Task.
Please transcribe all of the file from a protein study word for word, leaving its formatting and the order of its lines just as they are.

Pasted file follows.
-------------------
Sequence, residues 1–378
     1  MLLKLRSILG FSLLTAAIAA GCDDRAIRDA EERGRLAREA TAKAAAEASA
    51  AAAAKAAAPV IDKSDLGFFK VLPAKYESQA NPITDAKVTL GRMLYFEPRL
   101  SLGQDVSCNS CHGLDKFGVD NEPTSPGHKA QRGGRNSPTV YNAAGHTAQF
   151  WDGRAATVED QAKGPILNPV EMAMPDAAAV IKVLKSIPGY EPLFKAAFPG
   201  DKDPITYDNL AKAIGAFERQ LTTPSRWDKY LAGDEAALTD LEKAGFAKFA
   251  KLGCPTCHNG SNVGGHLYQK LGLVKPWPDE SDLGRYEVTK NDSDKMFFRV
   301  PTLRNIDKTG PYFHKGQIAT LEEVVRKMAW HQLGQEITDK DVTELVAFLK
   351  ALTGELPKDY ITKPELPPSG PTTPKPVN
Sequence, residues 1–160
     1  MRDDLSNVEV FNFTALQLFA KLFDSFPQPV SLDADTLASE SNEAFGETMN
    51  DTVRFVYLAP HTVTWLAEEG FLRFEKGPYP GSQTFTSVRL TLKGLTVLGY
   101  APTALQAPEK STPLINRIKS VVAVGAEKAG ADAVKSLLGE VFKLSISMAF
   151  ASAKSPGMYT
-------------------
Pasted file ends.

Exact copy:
Sequence, residues 1–378
     1  MLLKLRSILG FSLLTAAIAA GCDDRAIRDA EERGRLAREA TAKAAAEASA
    51  AAAAKAAAPV IDKSDLGFFK VLPAKYESQA NPITDAKVTL GRMLYFEPRL
   101  SLGQDVSCNS CHGLDKFGVD NEPTSPGHKA QRGGRNSPTV YNAAGHTAQF
   151  WDGRAATVED QAKGPILNPV EMAMPDAAAV IKVLKSIPGY EPLFKAAFPG
   201  DKDPITYDNL AKAIGAFERQ LTTPSRWDKY LAGDEAALTD LEKAGFAKFA
   251  KLGCPTCHNG SNVGGHLYQK LGLVKPWPDE SDLGRYEVTK NDSDKMFFRV
   301  PTLRNIDKTG PYFHKGQIAT LEEVVRKMAW HQLGQEITDK DVTELVAFLK
   351  ALTGELPKDY ITKPELPPSG PTTPKPVN
Sequence, residues 1–160
     1  MRDDLSNVEV FNFTALQLFA KLFDSFPQPV SLDADTLASE SNEAFGETMN
    51  DTVRFVYLAP HTVTWLAEEG FLRFEKGPYP GSQTFTSVRL TLKGLTVLGY
   101  APTALQAPEK STPLINRIKS VVAVGAEKAG ADAVKSLLGE VFKLSISMAF
   151  ASAKSPGMYT